S2 Ep8: Nathaniel Martello-White talks to Simon Stephens

In some ways Nathaniel Martello-White is, of all the writers I’ve spoken to on these podcasts, the least experienced. He has only had two plays produced professionally. Both of them to massive critical acclaim. But in other ways he is far more experienced than all of us.

Martello-White has made his name over the past decade as one of the most compelling and young stage actors in Britain. Nuanced, poised performances in August Wilson’s Joe Turner’s Come and Gone and Terel McRany’s The Brothers Size at the Young Vic were matched by work of equal assurance in Romeo and Juliet at the National Theatre and Marat/Sade and A Midsummer Night’s Dream at the Royal Shakespeare Company.  He has a lengthy and impressive film and television CV including, and this is exciting for me, a credit for Horrible Histories. He lingers most in my mind’s eye for the detail care and force of his performance as in Duncan Macmillan’s People Places Things at the National Theatre and in the West End.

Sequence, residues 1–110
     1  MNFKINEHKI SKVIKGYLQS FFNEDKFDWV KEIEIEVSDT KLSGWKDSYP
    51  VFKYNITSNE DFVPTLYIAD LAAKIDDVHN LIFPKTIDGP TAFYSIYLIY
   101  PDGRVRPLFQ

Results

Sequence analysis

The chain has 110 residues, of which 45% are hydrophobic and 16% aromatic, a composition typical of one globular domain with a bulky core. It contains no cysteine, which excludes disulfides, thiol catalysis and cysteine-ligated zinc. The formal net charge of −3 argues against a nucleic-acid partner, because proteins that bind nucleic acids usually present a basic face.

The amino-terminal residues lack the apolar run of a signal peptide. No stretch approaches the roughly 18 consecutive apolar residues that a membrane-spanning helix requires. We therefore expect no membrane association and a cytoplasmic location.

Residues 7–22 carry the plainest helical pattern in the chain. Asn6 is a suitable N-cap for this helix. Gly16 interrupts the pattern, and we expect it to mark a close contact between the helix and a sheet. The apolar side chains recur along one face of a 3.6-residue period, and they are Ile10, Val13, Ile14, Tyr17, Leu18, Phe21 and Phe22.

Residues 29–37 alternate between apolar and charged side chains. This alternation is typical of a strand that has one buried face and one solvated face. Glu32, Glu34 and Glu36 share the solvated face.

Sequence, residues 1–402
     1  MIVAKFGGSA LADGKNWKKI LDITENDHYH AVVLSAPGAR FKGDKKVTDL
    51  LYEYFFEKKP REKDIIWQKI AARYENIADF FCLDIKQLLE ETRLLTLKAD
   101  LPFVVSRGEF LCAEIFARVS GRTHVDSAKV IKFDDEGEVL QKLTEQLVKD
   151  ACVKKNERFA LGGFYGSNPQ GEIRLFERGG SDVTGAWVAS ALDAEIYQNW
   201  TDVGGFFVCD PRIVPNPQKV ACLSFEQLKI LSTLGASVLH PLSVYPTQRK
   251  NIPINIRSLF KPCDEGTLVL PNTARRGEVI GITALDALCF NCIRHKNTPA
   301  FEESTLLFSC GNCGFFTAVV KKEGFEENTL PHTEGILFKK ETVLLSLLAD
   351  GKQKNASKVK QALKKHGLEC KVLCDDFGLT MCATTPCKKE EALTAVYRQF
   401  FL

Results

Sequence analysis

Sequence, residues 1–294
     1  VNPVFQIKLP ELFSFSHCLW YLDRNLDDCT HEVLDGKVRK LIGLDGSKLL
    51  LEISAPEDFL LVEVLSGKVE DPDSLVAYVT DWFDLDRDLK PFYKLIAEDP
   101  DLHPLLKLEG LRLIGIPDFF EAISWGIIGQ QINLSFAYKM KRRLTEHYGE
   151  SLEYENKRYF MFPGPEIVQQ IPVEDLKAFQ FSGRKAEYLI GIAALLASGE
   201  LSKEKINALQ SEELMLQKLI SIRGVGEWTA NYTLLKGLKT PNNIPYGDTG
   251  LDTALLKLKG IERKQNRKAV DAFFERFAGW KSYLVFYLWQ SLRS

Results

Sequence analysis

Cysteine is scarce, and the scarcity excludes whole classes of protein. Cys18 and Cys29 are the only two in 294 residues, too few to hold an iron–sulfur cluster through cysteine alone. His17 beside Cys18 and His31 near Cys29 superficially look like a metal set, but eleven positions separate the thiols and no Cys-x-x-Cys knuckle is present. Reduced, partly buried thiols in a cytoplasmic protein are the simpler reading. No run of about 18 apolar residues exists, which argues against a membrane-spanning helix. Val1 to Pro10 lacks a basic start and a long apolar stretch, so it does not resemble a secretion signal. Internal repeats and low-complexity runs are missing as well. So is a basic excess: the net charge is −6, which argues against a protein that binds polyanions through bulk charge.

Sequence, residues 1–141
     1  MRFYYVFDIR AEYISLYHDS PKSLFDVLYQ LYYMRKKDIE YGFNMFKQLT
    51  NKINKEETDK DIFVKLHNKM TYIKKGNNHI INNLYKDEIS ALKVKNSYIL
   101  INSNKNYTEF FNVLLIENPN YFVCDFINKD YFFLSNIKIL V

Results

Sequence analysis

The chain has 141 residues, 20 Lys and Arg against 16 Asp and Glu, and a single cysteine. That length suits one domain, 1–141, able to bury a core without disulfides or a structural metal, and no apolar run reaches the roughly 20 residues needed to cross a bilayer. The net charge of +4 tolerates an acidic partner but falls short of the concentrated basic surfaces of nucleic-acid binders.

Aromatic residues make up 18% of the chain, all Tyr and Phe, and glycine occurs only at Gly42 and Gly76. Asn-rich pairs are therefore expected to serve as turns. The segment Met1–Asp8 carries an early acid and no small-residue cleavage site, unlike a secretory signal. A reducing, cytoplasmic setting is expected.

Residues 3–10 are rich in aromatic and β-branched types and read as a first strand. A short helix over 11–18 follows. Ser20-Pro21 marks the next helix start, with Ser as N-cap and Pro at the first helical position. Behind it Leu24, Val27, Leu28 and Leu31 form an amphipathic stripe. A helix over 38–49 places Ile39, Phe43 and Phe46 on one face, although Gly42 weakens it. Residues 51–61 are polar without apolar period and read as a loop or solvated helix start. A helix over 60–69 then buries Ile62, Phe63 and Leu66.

But, for somebody so near the beginning of his writing career, it is his writing that most compels me. His first paly Blackta, in 2012, was a searching satire on the racial politics of the acting industry he has worked in with such success. His second play Torn, produced in 2016 down the corridor here in the Royal Court Theatre Upstairs, was one of my favourite plays of the last few years. Taking and then demolishing the notion of forum theatre, brilliantly directed by Richard Twyman and designed by Ultz, it explored the hidden histories of a family of mixed ethnicity ripped apart by sexual and psychological abuse. Linguistically rich and dramatically tense it was the way Martello-White used the structure of the play to carry the ideas of disintegration that I found most startling. For any play it was impressive. For a second play it was breath-taking.